But Lucero did not enjoy his impunity for long. A broad coalition of nobility, townspeople and clergy gathered evidence of his misdeeds and made their case to the Queen, the Pope, to foreign governments and archbishops. They succeeded in forcing the resignation of the Chief Inquisitor. His replacement, Archbishop Cisneros, had Lucero removed as Inquisitor and set up a board of enquiry to examine the evidence against him. The trial documents form the basis of what we know about him today. In this first concerted action against the Inquisition, the campaigners against Lucero edged towards a concept of human rights which would soon find an echo in Bartolomé de las Casas’ defence of indigenous people in the New World, and be articulated further in Spain’s comunero rebellion of 1520. But although they were successful in removing one of its most notorious figures, the Inquisition continued to hold Spanish society in its grip for another 300 years. It seems that by that time people had, indeed, come to expect it.
Teresa Tinsley, PhD Student
The late medieval English cleric gets a pretty raw deal in film, TV and in popular histories. Where they appear at all, they are often ciphers, materialising merely to fulfil some dramatic function such as crowning a usurping monarch, or conducting the marriage of a pair of love-struck aristos.
Those priests, bishops, nuns or friars who do get a speaking role, almost always appear as sinister and pretty unpleasant pieces of work. They are certainly not people you would have wanted to meet in the ale house! One notable exception of course is that deeply anachronistic character, Friar Tuck. He appears in all of those Robin Hood adaptations as a robust and comic foil to the noble Robin, and wanders around late twelfth-century England unaware that he cannot yet exist. The Franciscan friars made their arrival in England in the 1220s, decades after the demise of good King Richard.
One character who struggles greatly to make it on to celluloid at all, let alone into the era of the talkies, is John Morton, chancellor to Henry VII and cardinal archbishop of Canterbury. Morton was present at the notorious meeting of the royal council in June 1483 when Richard duke of Gloucester, soon to be the scoliotic king Richard III, had William Lord Hastings taken out for summary execution. However in a recent TV adaptation of this celebrated moment, a pair of unidentified clerics were portrayed as sitting in the room, saying nothing (as usual), and then being ignored while the action moved on. In real life, both Morton (then bishop of Ely), and his episcopal colleague, Thomas Rotherham, archbishop of York, were arrested and imprisoned, and it seems likely that only their clerical status saved them from an early visit to eternal life. But why would we want to hear from them? Morton subsequently went on to become archbishop of Canterbury after the death of the previous incumbent, Thomas Bourchier. There can be few more overlooked clerics than Bourchier.
In another great TV moment, Elizabeth Woodville, that famous White Queen, who was by now the sorrowing widow of the defunct Edward IV, was shown in Westminster Abbey where she had sought sanctuary with her younger son, Richard duke of York. The man who arrives to persuade her to give over young Richard into the tender care of his usurping uncle is, according to the TV script writer, Henry duke of Buckingham. The fact that it was actually archbishop Bourchier is clearly an inconvenient fact that cannot be allowed to get in the way of a good piece of ‘historical’ dramatisation. Bourchier gets it in the neck from academic historians: he has been described as the teflon archbishop for managing to survive at Canterbury despite being the man to crown Edward IV, Richard III and Henry VII. Little wonder then the poor public get no sight of him.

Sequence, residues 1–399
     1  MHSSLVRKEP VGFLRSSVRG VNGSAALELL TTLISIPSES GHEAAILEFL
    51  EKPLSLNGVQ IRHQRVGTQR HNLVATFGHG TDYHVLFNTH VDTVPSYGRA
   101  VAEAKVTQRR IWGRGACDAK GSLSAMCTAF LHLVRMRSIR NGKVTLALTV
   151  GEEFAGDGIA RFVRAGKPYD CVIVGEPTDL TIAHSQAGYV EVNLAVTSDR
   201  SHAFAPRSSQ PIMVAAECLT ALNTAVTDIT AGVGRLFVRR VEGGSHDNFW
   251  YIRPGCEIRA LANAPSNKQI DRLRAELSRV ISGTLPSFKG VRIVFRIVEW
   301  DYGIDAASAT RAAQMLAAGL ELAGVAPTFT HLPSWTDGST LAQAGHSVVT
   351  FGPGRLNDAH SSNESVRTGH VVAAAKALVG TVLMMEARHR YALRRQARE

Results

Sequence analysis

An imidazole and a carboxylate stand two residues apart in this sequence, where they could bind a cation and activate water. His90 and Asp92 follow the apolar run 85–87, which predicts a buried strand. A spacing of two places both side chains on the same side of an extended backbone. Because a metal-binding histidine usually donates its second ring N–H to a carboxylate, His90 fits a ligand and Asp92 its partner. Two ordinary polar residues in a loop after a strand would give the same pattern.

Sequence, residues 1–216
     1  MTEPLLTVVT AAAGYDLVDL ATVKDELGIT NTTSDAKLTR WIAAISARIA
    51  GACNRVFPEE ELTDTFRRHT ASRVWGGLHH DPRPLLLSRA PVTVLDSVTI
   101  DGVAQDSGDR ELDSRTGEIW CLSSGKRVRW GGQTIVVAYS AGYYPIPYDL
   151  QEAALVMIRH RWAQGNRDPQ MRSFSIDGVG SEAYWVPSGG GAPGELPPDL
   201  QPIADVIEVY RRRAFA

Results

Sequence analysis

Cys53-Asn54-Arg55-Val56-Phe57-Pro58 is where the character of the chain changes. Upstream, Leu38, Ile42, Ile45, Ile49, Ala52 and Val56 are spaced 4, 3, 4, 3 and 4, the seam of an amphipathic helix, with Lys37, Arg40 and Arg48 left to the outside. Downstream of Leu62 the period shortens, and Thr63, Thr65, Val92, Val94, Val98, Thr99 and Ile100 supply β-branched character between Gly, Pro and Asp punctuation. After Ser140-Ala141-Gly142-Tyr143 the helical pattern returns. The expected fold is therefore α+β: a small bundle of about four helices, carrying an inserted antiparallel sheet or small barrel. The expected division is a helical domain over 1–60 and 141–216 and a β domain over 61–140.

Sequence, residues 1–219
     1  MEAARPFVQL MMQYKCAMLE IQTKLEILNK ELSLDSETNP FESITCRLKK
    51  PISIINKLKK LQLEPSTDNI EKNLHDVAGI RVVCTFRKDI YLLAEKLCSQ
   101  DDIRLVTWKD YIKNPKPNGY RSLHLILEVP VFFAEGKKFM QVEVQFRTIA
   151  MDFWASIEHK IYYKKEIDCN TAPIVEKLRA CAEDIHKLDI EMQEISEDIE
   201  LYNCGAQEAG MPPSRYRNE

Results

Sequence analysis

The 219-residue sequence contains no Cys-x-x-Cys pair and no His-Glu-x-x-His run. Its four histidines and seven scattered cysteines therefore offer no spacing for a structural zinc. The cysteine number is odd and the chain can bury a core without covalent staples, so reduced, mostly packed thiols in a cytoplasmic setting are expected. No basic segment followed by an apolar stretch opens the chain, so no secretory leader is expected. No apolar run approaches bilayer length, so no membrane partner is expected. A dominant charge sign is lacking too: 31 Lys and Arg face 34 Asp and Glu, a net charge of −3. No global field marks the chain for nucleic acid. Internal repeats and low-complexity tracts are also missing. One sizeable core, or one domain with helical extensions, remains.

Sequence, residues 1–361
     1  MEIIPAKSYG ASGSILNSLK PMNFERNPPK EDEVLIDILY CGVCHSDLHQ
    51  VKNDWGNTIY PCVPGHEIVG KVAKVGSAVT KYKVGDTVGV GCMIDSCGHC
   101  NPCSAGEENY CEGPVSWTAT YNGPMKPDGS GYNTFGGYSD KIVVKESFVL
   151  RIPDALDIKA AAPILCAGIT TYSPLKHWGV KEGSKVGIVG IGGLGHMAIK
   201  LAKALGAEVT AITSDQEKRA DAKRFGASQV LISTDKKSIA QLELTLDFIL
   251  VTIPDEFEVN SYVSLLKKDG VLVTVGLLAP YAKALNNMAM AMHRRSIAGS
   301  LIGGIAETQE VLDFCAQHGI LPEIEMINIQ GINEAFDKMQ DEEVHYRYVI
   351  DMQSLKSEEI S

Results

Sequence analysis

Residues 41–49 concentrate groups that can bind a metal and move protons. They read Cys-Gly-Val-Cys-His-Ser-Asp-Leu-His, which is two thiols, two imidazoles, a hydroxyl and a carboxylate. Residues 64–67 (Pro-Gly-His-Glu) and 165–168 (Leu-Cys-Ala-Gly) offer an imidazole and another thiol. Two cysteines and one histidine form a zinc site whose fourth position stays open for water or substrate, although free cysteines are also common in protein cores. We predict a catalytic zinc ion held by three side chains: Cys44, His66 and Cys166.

John Morton’s time at Canterbury takes us into the Tudor era, and by the reign of Henry VIII, the only cleric in existence seems to be Thomas Wolsey. Now there for once is a man who gets to say plenty in any film or TV adaptation, especially when his words condemn him as some self-serving, bloated windbag, ripe for a well-deserved downfall (hurrah for the Reformation!). As for all those sinister, foreign and clearly murderous Jesuitical characters who pad around movies of Elizabeth I, no more need be said.
But returning to the medieval period, there are times when even those who should (and may) know better succumb to the temptation to sex-up our silent clerics for the purposes of entertainment. In her TV series on the medieval monasteries, the frequently seen Janina Ramirez presented a very tired old narrative of those long-vanished religious houses. From their distant golden age when heroic monks tamed, or at least endured, wildernesses, she drew a contrast with the later centuries when the fat monks of Westminster chomped their way to a decadent and sclerotic monastic twilight. The feuding monks of twelfth-century Bury as recounted by Jocelyn of Brakelond must have been an aberration in Janina’s eyes. Also overlooked by her were the nuns of many Yorkshire religious houses who struggled on through the centuries, despite their grinding poverty.
To finish, we must look again to Robin Hood and to that mysterious churchman, the Bishop of the Black Canons. His appearance alongside the wicked prince John (played with glorious style by Claude Rains in the 1938 movie), shows us another clerical villain (none more devious and scheming!). The Augustinian canons of the time would have been surprised to learn that they had a bishop, never mind that he was so in cahoots with the princely John Lackland. The wicked ‘bishop’ confirms the rule that if a cleric speaks, he must be a very bad person indeed.